Saturday, September 28, 2013

"Love Your Enemies" and Commune with Christ: Homily for the 14th Sunday After Pentecost in the Orthodox Church

Luke 6: 31-16            
           One of the hardest things in life is to be kind to those who have offended us.   It seems to come naturally to respond with resentment, anger, and judgment to those who treat us poorly.  This is true in our personal relationships, in our families, at work or school, and it is also true when we think of how nations get along or often do not get along.  In the world as we know it, it is easy to do good to those who do good to us, but terribly hard to love our enemies.
            So we may wonder why the Lord gave us such a difficult teaching to follow as we find in today’s gospel lesson.  Be merciful even as your Father in heaven is merciful.  Love your enemies.  Do good to everyone; lend expecting nothing in return.  Treat others as you wish to be treated.  Christ Himself tells us that this is the difficult path to the blessed life of the Kingdom of God.
            I know that we are tempted to say that this message somehow does not apply to us.  Maybe it is possible for monastics, such as the great ascetic St. Cyriacus the Anchorite of Palestine whom we commemorate today, or for others who lived long ago or in other parts of the world.  We often despair, however, of actually obeying Christ’s command ourselves.  We do so because, like everyone else since Adam and Eve, we are fallen people in a fallen world.
            No matter what century or country we live in, no matter our age or marital status or occupation, we all struggle against the spiritual diseases that make it so hard to forgive, love, and serve those who have violated our pride by offending us.  We have turned away collectively and individually from the truth that we are made for a common life in the image and likeness of God.  We have forgotten that it is our very nature as persons to be united with one another in love as are the members of the Holy Trinity.
            No, our calling is not simply to have friends or family members. Even terrorists and gangsters have them, for it is easy for people to love those who love them—even if they are so filled with hate against others that they think nothing of killing innocent people who get in their way.  But what kind of love is that?  It is a love not even worthy of the name because it is really nothing more than self-centered desire, than simply judging others in terms of whether they please us.  If so, they will be nice to them.  If not, they will find a way to destroy them.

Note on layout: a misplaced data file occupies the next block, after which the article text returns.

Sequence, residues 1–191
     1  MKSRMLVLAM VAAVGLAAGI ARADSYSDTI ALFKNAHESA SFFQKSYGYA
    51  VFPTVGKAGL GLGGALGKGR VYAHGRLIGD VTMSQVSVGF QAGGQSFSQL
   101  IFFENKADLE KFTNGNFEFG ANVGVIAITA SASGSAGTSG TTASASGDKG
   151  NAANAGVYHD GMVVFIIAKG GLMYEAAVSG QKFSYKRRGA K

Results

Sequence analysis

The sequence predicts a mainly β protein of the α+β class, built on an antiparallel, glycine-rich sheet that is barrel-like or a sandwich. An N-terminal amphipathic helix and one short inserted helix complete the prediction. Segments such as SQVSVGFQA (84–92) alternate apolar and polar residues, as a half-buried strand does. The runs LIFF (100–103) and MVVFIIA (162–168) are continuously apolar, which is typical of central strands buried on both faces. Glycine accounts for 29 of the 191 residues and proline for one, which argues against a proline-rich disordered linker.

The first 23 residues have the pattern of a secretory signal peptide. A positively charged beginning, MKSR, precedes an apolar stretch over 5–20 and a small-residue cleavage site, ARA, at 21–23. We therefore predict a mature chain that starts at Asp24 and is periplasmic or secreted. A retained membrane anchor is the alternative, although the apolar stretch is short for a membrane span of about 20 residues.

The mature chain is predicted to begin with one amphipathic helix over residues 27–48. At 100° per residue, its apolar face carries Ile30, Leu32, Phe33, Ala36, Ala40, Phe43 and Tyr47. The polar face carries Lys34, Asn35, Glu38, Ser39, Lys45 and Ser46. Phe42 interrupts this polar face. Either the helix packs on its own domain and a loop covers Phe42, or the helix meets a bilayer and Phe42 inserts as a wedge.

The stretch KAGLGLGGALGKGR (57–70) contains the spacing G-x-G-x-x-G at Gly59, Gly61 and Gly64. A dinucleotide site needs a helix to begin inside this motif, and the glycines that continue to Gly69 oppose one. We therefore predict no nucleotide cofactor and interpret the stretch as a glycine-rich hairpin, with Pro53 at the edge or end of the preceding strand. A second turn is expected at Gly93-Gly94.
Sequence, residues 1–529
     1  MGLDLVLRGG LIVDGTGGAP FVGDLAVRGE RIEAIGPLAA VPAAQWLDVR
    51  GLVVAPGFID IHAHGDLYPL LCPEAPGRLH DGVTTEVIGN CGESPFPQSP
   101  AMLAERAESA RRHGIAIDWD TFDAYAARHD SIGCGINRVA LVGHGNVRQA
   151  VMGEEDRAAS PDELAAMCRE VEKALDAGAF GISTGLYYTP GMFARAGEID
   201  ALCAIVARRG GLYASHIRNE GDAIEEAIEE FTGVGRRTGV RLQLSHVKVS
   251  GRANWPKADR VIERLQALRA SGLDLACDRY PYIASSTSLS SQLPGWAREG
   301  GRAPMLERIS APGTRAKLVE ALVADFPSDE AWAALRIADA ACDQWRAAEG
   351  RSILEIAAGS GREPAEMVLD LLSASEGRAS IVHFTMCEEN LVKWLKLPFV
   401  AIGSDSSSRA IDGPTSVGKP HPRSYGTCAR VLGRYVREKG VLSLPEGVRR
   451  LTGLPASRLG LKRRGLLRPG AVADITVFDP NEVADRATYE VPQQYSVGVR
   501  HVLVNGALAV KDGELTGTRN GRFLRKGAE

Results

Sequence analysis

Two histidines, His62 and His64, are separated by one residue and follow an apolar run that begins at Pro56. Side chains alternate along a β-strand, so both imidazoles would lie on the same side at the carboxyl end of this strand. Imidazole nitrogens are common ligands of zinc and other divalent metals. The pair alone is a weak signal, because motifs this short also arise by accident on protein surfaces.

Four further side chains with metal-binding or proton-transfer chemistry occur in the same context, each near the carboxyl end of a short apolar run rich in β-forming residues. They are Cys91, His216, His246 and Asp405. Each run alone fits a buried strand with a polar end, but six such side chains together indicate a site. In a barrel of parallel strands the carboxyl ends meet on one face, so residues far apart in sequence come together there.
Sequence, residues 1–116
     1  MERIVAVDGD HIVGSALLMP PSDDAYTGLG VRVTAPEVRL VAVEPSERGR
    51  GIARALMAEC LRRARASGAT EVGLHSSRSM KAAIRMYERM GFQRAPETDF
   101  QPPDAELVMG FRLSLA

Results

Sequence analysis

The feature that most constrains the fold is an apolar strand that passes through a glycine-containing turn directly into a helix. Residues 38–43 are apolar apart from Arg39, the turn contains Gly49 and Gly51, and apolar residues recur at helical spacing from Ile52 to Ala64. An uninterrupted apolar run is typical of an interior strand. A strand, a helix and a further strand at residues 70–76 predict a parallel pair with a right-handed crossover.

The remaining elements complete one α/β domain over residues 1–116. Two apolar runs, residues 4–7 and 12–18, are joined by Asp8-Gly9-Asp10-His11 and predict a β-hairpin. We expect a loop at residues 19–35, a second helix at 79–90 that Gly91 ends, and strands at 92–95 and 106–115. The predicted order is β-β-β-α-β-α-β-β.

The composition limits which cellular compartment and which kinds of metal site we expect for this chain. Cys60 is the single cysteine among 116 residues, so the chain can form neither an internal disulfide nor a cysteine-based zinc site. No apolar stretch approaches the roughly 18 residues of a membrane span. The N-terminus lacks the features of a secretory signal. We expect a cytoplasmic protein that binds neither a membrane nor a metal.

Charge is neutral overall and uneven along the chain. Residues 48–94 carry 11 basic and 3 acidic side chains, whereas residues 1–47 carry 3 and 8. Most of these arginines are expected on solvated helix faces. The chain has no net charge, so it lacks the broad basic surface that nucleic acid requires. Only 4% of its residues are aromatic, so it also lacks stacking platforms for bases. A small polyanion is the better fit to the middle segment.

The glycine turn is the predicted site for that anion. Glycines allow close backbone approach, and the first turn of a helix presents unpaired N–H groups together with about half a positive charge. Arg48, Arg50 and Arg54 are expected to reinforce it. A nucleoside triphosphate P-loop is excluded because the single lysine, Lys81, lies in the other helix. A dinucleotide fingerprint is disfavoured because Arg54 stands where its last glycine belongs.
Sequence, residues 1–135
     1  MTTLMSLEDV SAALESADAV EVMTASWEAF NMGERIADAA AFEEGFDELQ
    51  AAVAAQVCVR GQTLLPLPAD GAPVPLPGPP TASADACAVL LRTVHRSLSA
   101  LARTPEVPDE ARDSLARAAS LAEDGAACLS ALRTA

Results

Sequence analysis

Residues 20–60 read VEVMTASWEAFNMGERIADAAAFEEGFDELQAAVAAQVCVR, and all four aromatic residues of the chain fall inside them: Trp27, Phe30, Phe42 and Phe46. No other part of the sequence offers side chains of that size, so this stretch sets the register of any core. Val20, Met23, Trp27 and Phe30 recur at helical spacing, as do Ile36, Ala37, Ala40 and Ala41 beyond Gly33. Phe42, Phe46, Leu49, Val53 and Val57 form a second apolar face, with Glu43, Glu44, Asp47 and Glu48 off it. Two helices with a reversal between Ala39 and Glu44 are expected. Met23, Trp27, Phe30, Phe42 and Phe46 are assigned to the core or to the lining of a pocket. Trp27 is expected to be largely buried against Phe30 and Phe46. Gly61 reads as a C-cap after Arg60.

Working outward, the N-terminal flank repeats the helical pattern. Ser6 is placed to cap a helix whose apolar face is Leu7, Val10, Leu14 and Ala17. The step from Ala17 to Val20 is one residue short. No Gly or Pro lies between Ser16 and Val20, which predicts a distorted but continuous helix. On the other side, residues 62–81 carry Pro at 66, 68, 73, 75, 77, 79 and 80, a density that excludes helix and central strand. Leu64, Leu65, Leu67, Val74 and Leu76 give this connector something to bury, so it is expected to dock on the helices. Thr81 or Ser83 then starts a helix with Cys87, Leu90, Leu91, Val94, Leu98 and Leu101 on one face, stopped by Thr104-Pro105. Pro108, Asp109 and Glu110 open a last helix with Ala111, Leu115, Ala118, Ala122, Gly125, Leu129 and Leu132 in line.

Of course, that is an extreme example; but we have only to look in the mirror to find instances that hit closer to home.  If our spouse, child, or best friend needs help, we usually do not even think twice about doing what we can.  But if it is someone whom we do not like, who has wronged us, or a stranger whose request is simply inconvenient, we make excuses. And sometimes we treat even our spouses, children, and friends in such poor ways.   When we do so, we live according to the lie that whether people please us is what determines whether we relate to them as those who bear the image and likeness of God or as nuisances not worthy of our attention.
And in that moment, we commit idolatry as surely as if we bowed down before a golden calf, for we are simply serving ourselves, worshiping our own will, and disregarding the calling that the Lord has given us all:  to participate in the mercy of our Father in heaven.  He is kind to the ungrateful and selfish.  He loves even those who reject Him, even those who killed His Son and the rest of us who reject Him so often in what we say and do.   Still, He bestows countless blessings on us all.  And through the Son whom He sent out of love for the world, we are able to become participants in His life, to become His sons and daughters.
How tragic, then, that we so often choose to reject this high calling and instead to live according to the same corrupt principles that continue to bring crime, war, and broken relationships of all kinds to the world.  How sad that we so often prefer death to life, pain to joy, and the hollow victory of self-exaltation to the blessedness of growing in communion with one another and with the Lord Himself.  And if we as Christians live this way, what hope is there for a world where helping our friends and cursing our enemies is just business as usual?